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Hit the Road With Chet Garner

Road Trip Relics

The U-Drop Inn still entices travelers to pull off Route 66 in Shamrock

Texans love a good road trip.

With the advent of the automobile in the early 20th century, road-tripping became a pastime as important as baseball and barbecue. With the completion of Route 66, the Mother Road of America, road trippers needed rest stops to refuel gas tanks and stomachs. The U-Drop Inn Café in Shamrock stood ready to serve.

The first time I saw the U-Drop Inn, I was traveling the Texas stretch of Route 66 that slices across the Panhandle. Fifteen miles west of Oklahoma, I found the High Plains town of Shamrock, known for the tallest water tower in Texas. But another tower, a cream-colored column with glowing green neon atop an art deco gas station, caught my attention. It was the U-Drop Inn and Tower Station, one of the iconic stops along historic Route 66. The distinctive architecture even inspired a building in Cars, the Pixar animated feature about a forgotten highway town.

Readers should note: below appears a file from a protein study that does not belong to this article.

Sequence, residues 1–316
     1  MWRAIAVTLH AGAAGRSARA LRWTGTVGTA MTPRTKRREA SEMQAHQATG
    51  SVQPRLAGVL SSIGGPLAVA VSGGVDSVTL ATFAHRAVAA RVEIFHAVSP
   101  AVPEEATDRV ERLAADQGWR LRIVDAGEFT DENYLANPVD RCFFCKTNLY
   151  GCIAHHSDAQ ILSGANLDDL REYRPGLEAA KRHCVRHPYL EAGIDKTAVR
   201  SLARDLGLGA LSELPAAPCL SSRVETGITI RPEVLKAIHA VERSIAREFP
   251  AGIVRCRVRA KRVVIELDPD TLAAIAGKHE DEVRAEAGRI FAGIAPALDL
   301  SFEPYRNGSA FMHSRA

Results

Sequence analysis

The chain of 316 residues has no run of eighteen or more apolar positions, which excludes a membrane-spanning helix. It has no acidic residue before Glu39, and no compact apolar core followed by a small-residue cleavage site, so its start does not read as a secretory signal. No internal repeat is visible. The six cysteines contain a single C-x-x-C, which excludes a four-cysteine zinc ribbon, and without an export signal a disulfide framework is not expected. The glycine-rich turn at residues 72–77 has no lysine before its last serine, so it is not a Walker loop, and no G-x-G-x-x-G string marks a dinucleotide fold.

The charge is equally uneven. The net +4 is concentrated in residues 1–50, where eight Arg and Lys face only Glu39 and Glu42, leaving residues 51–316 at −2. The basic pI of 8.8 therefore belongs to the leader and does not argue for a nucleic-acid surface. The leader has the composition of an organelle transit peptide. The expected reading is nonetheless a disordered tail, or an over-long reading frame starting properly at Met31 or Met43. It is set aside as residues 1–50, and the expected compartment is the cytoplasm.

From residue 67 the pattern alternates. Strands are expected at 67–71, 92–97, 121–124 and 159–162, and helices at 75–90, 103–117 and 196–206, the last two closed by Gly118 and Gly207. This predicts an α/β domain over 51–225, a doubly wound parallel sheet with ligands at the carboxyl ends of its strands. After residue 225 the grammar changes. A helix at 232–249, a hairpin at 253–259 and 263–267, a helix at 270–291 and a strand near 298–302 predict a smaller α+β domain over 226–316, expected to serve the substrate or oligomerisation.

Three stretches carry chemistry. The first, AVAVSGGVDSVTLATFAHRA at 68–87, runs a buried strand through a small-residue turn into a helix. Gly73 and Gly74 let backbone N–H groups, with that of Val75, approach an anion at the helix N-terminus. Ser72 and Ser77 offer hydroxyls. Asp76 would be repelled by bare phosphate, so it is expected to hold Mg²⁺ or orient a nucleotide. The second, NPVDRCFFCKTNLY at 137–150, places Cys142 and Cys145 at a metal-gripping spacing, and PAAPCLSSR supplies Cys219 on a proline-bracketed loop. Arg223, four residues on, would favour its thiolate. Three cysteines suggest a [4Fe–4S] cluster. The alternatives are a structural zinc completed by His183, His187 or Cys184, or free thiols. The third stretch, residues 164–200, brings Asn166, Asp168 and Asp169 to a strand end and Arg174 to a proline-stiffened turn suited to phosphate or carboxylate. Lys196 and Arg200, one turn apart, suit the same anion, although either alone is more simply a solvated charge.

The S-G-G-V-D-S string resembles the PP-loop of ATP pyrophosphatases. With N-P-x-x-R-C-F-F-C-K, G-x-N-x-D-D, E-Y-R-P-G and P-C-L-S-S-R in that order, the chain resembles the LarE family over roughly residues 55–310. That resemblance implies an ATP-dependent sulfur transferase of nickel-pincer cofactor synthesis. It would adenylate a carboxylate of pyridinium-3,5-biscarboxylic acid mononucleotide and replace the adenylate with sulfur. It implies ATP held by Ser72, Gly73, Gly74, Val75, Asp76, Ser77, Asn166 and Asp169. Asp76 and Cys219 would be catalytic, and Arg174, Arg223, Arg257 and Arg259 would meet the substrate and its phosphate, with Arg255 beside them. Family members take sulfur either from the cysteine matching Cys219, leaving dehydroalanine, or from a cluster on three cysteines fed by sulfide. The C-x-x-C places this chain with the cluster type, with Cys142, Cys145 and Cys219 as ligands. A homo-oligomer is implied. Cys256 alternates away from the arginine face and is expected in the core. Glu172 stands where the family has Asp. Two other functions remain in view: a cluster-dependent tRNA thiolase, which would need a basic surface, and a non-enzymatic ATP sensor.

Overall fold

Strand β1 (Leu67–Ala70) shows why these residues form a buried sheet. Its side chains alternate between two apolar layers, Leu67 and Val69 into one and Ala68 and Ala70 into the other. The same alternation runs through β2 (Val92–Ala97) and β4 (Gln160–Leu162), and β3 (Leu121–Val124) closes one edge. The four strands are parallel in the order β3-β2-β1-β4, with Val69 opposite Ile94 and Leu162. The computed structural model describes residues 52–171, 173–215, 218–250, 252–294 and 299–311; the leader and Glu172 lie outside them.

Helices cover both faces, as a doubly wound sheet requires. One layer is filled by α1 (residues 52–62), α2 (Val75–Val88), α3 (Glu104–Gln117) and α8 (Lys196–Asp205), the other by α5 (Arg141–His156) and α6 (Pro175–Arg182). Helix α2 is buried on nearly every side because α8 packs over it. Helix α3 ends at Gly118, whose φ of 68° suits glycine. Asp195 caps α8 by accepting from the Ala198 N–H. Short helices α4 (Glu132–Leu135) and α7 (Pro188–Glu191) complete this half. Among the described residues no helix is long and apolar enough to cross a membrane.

Built in 1936, the Tower Station was open 24 hours a day and connected with U-Drop Inn Café, which also kept long hours to serve weary travelers. The U-Drop became famous as the best stop between Oklahoma City and Amarillo. Even Elvis Presley dropped in on occasion. The diner no longer offers food but now serves visitors a glimpse into the past. I roamed through, wishing I could park at a booth and order a blue-plate special.

The rest of the building is now a visitors center catering to folks from all over the world who travel the Mother Road. The world map was cluttered with pushpins noting visitors from more than 100 countries. To them, Route 66 and classic stops like the U-Drop Inn signify freedom—the sort of freedom that can only be found on the open road.